The moratorium introduced under the Coronavirus Act 2020 imposed on forfeiting leases for non-payment of rent has finally been lifted. This means, that as long as the rent due is not now classified as “protected rent” by the Act, a landlord can now enforce its right to forfeit.
This five-point guide is intended to remind landlords of the basics if they seek to forfeit a lease for non-payment of rent only.
- Check your lease
Forfeiture is a remedy that is commonly reserved as a right of re-entry in the lease. Most leases will contain a right to forfeit but should still be checked to ensure to help identify exactly what steps you may need to take to effect forfeiture.
- Grace periods and waiving your right to forfeit
Forfeiture clauses will often say that the landlord has the right to re-enter if the rent remains unpaid for a certain number of days. This is called a grace period. This period begins with the day on which rent falls due and the right to forfeit occurs as soon as the grace period ends.
Landlords who intend to forfeit a lease need to make sure they do not waive their right to forfeit. What may constitute waiver of a right to forfeit is a complex matter but generally, a landlord who is aware of its right to forfeit and does some definite act that involves a continued existence of the tenancy waives its right to forfeit. Therefore, to avoid waiving this right, landlords should refrain from demanding or accepting rent or entering into any dialogue with their tenants, once the grace period has ended.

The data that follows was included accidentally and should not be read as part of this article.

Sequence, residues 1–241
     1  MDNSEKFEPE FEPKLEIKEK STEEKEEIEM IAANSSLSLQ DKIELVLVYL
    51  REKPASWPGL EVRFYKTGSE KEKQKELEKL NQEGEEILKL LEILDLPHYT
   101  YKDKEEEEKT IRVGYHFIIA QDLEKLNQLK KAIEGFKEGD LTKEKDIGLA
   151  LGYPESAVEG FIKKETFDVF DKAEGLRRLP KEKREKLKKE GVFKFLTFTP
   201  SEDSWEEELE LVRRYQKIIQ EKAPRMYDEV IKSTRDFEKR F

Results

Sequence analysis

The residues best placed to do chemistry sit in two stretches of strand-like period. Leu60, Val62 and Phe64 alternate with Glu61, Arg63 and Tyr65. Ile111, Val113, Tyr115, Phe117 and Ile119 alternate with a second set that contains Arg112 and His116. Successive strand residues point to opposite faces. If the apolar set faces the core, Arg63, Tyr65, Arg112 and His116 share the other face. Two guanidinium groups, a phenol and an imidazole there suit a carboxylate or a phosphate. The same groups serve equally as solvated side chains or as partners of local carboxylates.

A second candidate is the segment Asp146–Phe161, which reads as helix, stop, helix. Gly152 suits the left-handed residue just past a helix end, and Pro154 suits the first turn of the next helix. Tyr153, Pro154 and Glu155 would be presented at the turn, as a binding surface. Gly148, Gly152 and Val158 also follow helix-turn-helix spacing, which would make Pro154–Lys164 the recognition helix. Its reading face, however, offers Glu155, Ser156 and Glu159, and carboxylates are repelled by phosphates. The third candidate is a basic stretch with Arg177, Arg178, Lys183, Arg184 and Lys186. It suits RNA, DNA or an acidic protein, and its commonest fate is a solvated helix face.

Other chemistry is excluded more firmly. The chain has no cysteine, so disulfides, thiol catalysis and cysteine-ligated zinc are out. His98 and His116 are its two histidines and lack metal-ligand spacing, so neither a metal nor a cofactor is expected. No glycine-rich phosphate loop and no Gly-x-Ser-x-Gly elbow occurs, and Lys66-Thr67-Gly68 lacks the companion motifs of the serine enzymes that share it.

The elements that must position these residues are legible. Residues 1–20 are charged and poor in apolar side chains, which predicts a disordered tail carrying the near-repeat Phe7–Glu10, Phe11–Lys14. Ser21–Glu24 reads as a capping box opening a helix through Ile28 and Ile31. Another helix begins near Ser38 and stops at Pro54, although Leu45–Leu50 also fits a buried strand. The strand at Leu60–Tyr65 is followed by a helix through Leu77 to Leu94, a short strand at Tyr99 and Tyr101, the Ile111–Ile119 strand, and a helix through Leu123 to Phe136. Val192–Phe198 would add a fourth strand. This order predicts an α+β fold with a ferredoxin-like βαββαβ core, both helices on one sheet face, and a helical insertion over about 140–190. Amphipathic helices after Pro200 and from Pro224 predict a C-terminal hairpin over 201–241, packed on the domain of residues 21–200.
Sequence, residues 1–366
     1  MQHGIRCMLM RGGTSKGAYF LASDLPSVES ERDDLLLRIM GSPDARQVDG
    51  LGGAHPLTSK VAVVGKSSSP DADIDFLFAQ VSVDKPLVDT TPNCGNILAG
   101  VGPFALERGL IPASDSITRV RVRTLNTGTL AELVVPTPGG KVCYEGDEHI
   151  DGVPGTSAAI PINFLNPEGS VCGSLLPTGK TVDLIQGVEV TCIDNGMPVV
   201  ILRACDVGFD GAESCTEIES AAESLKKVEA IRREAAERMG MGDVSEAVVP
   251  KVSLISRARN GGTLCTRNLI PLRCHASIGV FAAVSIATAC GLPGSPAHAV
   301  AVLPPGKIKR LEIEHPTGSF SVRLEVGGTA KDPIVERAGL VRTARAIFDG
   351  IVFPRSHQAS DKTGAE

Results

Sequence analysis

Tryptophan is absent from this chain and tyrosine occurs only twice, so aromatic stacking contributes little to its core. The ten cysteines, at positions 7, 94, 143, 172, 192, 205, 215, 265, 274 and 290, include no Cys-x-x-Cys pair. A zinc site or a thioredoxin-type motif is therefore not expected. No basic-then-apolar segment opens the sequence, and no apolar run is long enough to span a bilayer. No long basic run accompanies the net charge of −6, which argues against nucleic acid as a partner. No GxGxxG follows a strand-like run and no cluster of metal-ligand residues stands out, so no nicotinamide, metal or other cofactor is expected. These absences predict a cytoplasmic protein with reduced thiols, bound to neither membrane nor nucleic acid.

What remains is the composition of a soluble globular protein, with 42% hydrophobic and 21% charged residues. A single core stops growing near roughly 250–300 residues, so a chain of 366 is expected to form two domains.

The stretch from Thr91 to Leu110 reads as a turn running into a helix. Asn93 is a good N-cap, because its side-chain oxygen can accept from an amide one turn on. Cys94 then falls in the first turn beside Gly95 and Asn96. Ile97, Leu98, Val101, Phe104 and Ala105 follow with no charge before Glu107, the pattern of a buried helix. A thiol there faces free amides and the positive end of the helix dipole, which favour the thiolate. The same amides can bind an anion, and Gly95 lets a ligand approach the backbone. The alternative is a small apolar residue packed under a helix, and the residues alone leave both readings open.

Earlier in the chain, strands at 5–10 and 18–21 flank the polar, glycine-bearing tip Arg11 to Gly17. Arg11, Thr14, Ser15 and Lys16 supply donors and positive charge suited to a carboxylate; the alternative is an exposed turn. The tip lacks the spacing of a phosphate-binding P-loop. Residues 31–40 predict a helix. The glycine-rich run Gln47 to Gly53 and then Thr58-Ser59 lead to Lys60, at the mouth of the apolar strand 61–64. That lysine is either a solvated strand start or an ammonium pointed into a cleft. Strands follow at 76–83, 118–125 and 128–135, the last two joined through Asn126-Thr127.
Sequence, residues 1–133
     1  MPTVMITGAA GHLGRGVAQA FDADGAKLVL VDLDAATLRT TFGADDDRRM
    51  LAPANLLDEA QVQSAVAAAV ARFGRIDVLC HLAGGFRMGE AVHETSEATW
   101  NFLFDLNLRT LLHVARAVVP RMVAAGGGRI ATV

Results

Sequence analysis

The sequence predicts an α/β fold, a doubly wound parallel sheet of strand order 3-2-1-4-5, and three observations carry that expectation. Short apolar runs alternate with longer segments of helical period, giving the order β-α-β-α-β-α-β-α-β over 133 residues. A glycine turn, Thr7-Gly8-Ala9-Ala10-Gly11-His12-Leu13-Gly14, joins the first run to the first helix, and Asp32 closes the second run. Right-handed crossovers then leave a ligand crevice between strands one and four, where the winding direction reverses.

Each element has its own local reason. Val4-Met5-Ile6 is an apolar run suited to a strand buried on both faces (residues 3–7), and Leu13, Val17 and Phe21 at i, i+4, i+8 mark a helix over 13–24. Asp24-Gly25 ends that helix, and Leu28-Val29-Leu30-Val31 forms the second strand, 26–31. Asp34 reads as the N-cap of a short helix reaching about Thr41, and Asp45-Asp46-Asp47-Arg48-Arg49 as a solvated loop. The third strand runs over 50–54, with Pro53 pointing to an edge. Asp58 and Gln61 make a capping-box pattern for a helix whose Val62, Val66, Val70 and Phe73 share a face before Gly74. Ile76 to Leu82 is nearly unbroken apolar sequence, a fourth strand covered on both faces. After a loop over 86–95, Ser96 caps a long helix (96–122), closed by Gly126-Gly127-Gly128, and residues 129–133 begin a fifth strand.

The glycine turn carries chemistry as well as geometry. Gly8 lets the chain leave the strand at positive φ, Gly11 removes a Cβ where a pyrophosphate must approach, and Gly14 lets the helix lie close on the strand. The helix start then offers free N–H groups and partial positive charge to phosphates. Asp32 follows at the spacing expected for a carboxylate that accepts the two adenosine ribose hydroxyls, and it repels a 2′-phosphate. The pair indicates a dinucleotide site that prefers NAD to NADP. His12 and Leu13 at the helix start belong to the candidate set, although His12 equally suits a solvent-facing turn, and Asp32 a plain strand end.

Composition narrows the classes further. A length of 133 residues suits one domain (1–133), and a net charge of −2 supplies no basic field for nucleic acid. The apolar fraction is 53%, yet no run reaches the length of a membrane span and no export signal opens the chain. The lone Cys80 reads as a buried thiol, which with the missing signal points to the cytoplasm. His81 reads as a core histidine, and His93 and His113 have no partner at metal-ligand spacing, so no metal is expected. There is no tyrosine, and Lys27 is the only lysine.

- Peaceable re-entry or court proceedings?
The landlord will need to consider whether to enforce forfeiture by either peaceable re-entry or court application.
Peaceable usually involves the landlord simply entering the property to take physical possession at a time when the tenant is unlikely to be present. This should always be done so with caution. If in doubt, it may be best to seek advice and engage experienced bailiffs to assist in the process. It is important to note that this option is not available to landlords where residential property is involved. Re-entry this way can usually be quicker and cheaper than court proceedings. Court proceedings are usually more appropriate if there is a potential for dispute over the sums owed or if peaceable re-entry is not possible.
- Relief from forfeiture
Once the landlord has re-entered the property, caution should still be exercised. The tenant, subtenant, or a mortgagee can apply to court for relief from forfeiture to reinstate the lease. The courts have wide discretion when offering relief and will usually grant it if the tenant has applied promptly and pays the arrears. Although there is no definitive deadline a tenant is generally expected to apply for this relief within six months.
- Additional burdens
Once a landlord has taken possession of the property they will need to deal with the tenant’s fixtures and chattels, utility bills, and perhaps take action to close existing Land Registry titles. If the tenant has left anything behind, the landlord should make a careful inventory and serve ‘torts notice’ on the tenant to discharge their duty to keep the items safe.
The Landlord must also carefully take into consideration the merits of forfeiting before proceeding. Forfeiting a lease will end all future liabilities under the lease, including any guarantors and former tenants. It will also possibly expose you to empty rates liability if the premises cannot be re-let swiftly.
If you are a landlord, thinking of enforcing your rights of forfeiture or you are a tenant and would like to seek advice on relief from forfeiture then call us today, on 0121 268 3208 or send us an email at firstname.lastname@example.org with your query and we will get back to you.